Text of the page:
Sunday, February 26, 2012

Apps are reading your texts and emails and even looking at your pictures..

The small print included with many mobile phone apps is giving their developers the right to rifle through users' phone books, text messages and emails.
By agreeing to little-read terms and conditions documents, phone users are giving developers the right to inspect their personal information and even find out who they are talking to.

In many shocking cases, users are even giving apps the right to collect whatever images the camera happens to be seeing, as well as the phone's location.

Facebook, Yahoo!, Flickr and Badoo all admitted to reading users' text messages through their Android smartphone apps, the Sunday Times reported.Academics are now warning the many apps are little more than 'fronts' to allow companies to hoover up personal data and pass them on to advertisers for a fee.

And many other apps from less well-known developers, many of them available for free, are also including the rights to access your personal data in their terms and conditions.But the revelations also make clear that the wealth of data collected by the new generation of smartphones could pose a serious risk to users' privacy.


Thursday, February 23, 2012

Smartphone security gap exposes location, texts, email, expert says
Just as U.S. companies are coming to grips with the threats to their computer networks emanating from cyber spies based in China, a noted expert is highlighting what he says is an even more pernicious vulnerability in smartphones.

Dmitri Alperovitch, the former McAfee cyber security researcher who is best known for identifying a widespread China-based cyber espionage operation he dubbed "Shady Rat," has used a previously unknown hole in smartphone browsers to deliver an existing piece of China-based malware that can commandeer the device, record its calls, pinpoint its location and access user texts and emails. He conducted the experiment on a phone running Google's Android operating system, although he says Apple's iPhones are equally vulnerable.
"It's a much more powerful attack vector than just getting into someone's computer," said Alperovich, who just formed a new security company, called Crowdstrike, with former McAfee chief technology officer George Kutz.
Alperovich, who has consulted with the U.S. intelligence community, is scheduled to demonstrate his findings Feb. 29 at the RSA conference in San Francisco, an annual cyber security gathering. The Shady Rat attack he disclosed last year targeted 72 government and corporate entities for as long as five years, siphoning off unknown volumes of confidential material to a server in China.

IT and espionage on Wall Street

An overturned conviction creates uncertainty about what constitutes a crime

ASK a programmer at an investment bank where he works, and the answer will often simply be “Wall Street”. Isolated from clients and—it was once thought—assets with proprietary value, technologists bounce from firm to firm, from one high-rise building to another.
To this footloose community, the case of Sergey Aleynikov, a Goldman Sachs programmer, came as a shock. Mr Aleynikov was convicted in December 2010 of stealing code tied to Goldman’s lucrative high-speed proprietary-trading operations for use by a new employer. On February 16th, after he had spent nearly a year in prison, three judges in a federal appeals court unanimously reversed his conviction in a hearing that lasted just a single morning. Their written opinion is now eagerly awaited.
Mr Aleynikov admitted to taking code with him on his way out of Goldman, but argued successfully that this did not constitute a crime, or, to be more specific, a federal crime. He benefited from the help of a thorough lawyer, who adroitly knocked down two key claims. Because the computer trading system was not licensed or offered for sale, claimed Kevin Marino, the defendant’s lawyer, it was not a product to be bought or sold for interstate commerce, a key provision for a federal case. Because computer coding constitutes intangible intellectual property, Mr Marino said, it did not qualify under the goods, wares or merchandise components that are protected under the corporate-espionage act.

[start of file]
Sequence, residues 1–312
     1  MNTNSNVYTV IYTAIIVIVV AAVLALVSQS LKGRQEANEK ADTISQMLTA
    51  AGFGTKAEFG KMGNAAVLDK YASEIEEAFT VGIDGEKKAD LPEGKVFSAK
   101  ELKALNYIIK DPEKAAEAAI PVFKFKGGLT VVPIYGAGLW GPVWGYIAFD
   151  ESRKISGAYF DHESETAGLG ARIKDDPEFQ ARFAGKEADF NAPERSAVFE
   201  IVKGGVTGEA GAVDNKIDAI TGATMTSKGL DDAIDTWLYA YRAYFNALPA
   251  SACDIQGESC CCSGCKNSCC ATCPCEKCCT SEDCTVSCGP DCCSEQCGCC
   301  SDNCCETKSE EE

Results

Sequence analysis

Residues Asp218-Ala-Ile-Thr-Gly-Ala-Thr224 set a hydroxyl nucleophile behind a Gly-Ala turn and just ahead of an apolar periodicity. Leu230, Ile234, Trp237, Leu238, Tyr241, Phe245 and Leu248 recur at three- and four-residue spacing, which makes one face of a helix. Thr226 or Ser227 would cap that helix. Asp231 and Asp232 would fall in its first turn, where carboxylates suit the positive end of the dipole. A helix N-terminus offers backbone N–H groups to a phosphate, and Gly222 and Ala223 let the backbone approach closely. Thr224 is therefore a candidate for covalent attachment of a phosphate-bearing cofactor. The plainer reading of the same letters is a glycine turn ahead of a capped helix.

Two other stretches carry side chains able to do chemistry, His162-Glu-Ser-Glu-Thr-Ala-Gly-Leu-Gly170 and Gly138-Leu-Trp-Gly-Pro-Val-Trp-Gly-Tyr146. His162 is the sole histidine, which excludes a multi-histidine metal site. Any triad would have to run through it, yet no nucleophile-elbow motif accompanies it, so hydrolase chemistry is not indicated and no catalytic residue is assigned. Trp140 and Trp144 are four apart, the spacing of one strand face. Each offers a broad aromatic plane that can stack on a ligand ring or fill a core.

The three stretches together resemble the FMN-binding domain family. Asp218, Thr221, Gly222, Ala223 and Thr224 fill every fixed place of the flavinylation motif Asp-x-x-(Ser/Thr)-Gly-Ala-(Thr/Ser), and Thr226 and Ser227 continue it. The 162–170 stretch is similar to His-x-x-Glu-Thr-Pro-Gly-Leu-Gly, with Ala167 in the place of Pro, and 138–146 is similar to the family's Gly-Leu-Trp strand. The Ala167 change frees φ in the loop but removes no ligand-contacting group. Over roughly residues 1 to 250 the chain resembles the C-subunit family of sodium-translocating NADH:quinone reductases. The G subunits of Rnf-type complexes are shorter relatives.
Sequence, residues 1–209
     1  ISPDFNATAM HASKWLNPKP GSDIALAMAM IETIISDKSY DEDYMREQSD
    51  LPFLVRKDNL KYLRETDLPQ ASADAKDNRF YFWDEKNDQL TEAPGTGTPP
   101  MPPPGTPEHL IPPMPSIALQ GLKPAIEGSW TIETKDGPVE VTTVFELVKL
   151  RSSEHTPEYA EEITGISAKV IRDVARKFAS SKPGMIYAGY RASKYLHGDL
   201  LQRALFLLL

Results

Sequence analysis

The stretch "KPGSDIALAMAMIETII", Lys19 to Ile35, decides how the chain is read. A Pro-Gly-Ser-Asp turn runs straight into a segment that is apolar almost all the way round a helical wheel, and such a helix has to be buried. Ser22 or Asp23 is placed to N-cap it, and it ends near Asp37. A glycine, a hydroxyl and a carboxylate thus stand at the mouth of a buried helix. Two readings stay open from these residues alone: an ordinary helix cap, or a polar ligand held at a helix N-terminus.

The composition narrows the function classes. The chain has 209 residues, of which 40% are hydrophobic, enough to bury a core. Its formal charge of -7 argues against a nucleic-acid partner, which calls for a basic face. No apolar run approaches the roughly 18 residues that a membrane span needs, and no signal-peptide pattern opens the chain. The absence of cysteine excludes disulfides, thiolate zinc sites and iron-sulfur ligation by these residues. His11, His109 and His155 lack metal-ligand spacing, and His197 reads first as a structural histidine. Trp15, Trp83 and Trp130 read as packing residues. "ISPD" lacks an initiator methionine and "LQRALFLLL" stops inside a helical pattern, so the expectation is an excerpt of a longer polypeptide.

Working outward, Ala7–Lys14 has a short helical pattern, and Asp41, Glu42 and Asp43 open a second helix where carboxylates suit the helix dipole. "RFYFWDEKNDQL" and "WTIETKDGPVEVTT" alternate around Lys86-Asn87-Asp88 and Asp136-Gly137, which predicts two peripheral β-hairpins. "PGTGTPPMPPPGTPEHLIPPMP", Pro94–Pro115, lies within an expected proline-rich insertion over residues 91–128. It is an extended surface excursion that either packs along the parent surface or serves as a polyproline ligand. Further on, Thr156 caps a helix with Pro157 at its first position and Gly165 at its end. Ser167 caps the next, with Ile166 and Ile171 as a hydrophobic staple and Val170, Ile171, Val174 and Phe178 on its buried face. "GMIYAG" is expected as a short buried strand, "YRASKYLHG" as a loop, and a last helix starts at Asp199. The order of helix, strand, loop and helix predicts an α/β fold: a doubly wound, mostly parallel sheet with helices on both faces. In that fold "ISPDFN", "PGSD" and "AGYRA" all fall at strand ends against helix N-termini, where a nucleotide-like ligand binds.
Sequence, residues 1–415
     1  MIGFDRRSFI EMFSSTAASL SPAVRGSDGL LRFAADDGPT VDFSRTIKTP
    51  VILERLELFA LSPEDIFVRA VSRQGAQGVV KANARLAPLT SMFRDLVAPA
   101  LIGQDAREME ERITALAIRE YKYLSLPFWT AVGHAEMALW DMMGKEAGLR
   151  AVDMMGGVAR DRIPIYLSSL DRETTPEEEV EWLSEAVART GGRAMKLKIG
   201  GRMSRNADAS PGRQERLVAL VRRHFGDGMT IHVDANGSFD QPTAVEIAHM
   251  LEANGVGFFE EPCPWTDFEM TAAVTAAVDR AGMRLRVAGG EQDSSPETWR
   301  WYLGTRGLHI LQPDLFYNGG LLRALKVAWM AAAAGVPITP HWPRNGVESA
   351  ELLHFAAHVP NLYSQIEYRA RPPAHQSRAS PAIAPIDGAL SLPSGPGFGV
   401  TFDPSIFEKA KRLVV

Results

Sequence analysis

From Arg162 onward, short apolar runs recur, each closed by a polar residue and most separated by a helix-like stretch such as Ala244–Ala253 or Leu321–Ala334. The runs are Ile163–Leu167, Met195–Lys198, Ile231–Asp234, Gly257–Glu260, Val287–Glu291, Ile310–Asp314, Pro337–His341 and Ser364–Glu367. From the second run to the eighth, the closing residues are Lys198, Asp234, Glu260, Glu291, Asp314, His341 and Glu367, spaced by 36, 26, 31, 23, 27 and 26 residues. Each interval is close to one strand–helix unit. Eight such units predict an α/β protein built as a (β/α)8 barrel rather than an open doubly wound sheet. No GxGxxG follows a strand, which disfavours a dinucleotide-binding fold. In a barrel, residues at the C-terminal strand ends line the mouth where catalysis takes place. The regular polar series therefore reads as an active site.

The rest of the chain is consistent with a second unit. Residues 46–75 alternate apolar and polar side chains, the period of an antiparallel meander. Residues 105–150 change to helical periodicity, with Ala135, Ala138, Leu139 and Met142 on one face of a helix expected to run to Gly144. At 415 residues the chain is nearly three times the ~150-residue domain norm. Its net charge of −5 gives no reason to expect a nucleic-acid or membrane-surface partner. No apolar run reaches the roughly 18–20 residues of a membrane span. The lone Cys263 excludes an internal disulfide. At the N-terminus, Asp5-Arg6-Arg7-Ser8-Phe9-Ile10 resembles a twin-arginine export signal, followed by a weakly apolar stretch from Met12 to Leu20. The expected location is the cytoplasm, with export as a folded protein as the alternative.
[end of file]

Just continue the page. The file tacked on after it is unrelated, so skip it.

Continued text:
Saturday, February 18, 2012



Keep your private conversations private!

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Thursday, February 16, 2012

Securing Corporate Data in a Law Office's Computer Network

Note: An excellent article, and a serious subject... When is the last time your law firm had a Cyber TSCM sweep? Ever? Contact me, I can help. ~JDL

The dramatic rise in electronic economic espionage against U.S. corporations came into full view with a report on the trend issued by the U.S. government last November. That same month, the Federal Bureau of Investigation held a meeting in New York City with some of the weaker links in the online spy game: law firms.

It’s an issue that should be getting the attention of in-house counsel, especially as they share sensitive--and potentially valuable--data with outside counsel.

Rich with client information, law firms are often much less equipped to fend off cyberattacks than the corporations they represent. Ergo “a hacker can hit a law firm and it’s a much, much easier quarry,” Mary Galligan, head of the cyber division in the FBI’s New York City office told Bloomberg. Likewise, in a series of blog posts on this issue currently running in Forbes, cybersecurity expert Alan Paller says: “The important files relating to clients’ international activities are usually much easier to find in the law firms’ files than in the corporate files.”

Digital risk consultancy Stroz Friedberg has advised both law firms and corporate clients on this growing problem. Firms need to take a risk-oriented approach to protecting client information, says company co-president Eric Friedberg, a former federal prosecutor and an expert in cybercrime response. At the same time, he says, there are important questions in-house counsel can ask about how their files will be protected (seeCounsel’s Dozen list below).

“Attackers go where the money is,” says Friedberg. These days, law firms should assume that hackers will infiltrate their network, and they should identify which digital assets are most at risk and put the most security around those areas, he says.